But, you see, Hitler's problem was that his oppression list was made of exclusively innocent people. People who were supposed to be free to live. He didn't put himself on his oppression list, hence why I say the above. If he had been fair, he would have gassed himself first.

Now, I would oppress someone like Hitler. Murderers and pointless haters should be handled brutally. In saying that, I realise I am bundling haters of homosexuals along with Hitler. This must be the first time I ever put myself in the same league as Hitler for any reason.
Anyway, both Ssempa and Nsaba-Buturo are in there with me as well. But ...
So are homosexuals. I am just putting them in there out of impulse (`but it is just not normal!') not out of logic (because if I use logic, I will put gypsies, left-handed people, men under four feet tall, teetotalers, vegetarians, and the impotent).
Society prunes the minorities (because being in the minority excludes you from what the mainstream sees as normal). That is what is happening here, and I am not too ready to challenge its legitimacy - it is how human society works. Sadly.

gayuganda said...

No, no, no.

If I was to accept the way society works, I would not have come out of the closet. I would not have taken on the govt. I would not have taken on Ssempa and Nsaba Buturo.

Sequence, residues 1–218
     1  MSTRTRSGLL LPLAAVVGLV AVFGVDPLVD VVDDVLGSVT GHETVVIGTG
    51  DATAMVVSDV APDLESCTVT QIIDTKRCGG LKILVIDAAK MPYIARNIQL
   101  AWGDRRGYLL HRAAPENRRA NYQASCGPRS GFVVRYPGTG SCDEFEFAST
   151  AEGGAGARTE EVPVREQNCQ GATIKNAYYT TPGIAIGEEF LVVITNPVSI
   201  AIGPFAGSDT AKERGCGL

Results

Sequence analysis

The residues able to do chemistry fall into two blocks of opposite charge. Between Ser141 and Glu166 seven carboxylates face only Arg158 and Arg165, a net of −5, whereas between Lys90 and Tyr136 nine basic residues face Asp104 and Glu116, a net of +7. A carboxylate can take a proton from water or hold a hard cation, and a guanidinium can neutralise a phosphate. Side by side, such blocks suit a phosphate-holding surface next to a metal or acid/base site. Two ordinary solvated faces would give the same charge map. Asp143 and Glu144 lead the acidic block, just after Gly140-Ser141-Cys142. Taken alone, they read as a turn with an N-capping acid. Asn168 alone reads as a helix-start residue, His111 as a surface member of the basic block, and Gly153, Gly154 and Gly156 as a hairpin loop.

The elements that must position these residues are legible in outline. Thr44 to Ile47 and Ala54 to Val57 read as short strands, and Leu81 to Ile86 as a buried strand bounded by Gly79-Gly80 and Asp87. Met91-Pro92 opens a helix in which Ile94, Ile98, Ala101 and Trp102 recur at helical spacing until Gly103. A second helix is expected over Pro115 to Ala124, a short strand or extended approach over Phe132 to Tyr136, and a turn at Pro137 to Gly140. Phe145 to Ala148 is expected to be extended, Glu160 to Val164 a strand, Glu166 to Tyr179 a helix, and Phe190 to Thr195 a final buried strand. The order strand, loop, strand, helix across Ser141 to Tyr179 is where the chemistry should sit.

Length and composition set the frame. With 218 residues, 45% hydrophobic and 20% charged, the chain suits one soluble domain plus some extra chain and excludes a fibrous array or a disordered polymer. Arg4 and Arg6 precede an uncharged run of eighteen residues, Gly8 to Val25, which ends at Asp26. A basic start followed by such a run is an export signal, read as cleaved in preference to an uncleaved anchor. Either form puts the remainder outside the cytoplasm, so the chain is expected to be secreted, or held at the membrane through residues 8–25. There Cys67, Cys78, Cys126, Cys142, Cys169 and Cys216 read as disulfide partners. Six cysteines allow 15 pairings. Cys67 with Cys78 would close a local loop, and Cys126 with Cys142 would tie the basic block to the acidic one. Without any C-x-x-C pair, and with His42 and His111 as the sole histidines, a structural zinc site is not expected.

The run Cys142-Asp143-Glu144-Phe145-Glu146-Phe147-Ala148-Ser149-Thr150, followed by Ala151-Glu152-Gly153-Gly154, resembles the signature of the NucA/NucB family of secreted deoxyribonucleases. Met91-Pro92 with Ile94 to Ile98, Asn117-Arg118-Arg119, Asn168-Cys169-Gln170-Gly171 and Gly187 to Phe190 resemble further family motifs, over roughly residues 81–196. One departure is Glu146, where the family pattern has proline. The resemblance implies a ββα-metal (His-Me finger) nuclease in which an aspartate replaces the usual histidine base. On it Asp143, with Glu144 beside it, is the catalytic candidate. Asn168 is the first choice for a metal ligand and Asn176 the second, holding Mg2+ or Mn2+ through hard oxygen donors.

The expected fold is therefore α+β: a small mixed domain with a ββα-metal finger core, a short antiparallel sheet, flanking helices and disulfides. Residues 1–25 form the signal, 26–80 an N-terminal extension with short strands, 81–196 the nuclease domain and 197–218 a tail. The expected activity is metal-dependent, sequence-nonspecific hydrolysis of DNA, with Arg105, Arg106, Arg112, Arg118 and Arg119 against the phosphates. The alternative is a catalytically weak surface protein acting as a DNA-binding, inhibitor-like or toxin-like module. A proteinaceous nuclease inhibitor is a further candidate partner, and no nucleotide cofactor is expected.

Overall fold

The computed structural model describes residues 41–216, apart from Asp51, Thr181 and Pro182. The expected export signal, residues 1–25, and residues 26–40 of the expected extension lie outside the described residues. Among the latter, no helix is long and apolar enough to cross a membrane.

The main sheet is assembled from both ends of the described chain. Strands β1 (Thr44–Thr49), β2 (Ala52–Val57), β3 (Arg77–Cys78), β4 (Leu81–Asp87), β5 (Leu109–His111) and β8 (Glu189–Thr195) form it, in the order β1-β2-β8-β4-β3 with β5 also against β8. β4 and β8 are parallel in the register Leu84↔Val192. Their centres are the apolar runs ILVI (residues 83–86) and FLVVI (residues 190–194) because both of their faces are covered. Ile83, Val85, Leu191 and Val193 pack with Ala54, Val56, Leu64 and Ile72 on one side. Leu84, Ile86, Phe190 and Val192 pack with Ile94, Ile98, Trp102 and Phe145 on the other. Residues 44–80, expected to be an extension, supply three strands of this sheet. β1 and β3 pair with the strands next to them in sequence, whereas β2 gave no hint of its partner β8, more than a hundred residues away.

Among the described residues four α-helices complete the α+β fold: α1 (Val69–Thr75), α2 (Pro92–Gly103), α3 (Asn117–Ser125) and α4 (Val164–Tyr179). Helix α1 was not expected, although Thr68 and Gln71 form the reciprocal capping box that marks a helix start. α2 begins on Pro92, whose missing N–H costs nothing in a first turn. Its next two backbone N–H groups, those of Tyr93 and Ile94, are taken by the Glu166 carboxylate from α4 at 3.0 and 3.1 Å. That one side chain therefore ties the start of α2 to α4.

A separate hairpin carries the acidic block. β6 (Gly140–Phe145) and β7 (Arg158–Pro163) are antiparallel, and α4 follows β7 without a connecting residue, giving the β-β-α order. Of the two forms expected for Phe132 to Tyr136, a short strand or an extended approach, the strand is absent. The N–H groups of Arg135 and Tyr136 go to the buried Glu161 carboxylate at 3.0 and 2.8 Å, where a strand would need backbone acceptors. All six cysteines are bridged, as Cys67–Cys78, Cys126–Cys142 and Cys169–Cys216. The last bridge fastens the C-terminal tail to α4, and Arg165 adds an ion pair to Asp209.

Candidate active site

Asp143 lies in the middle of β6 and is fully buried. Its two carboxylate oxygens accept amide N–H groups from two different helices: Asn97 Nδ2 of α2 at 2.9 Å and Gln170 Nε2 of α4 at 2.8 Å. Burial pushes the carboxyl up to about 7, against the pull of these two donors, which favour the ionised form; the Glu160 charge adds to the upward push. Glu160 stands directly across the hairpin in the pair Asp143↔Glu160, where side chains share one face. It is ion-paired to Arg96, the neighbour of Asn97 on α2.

Come on, you are destroying your revolutionary credentials.

Why should you accept the world for what it is? Cant it change? Why not? Why should it stay stagnant? Why cant I improve it? Why dont I matter.

No, I do matter.

The thought that that is how the world works will make us stay low, as Africans, as Ugandans.

Yes, the world is not fair, corrupt. Children die of diseases of ignorance. The floods disturb families in Katwe and Bwaise. But you know what? I do not have to accept those things.

I ask myself the question why? Why? Why? And I say, yes, I can do my little to change it for the better. Accepting it makes me settle for it.

Remember, it is the unreasonable man who is the agent of change, the one who will not accept the status quo, but is willing to try and improve things. Do not be a lotus eater, you are supposed to be a revolutionary Comrade!!!!!!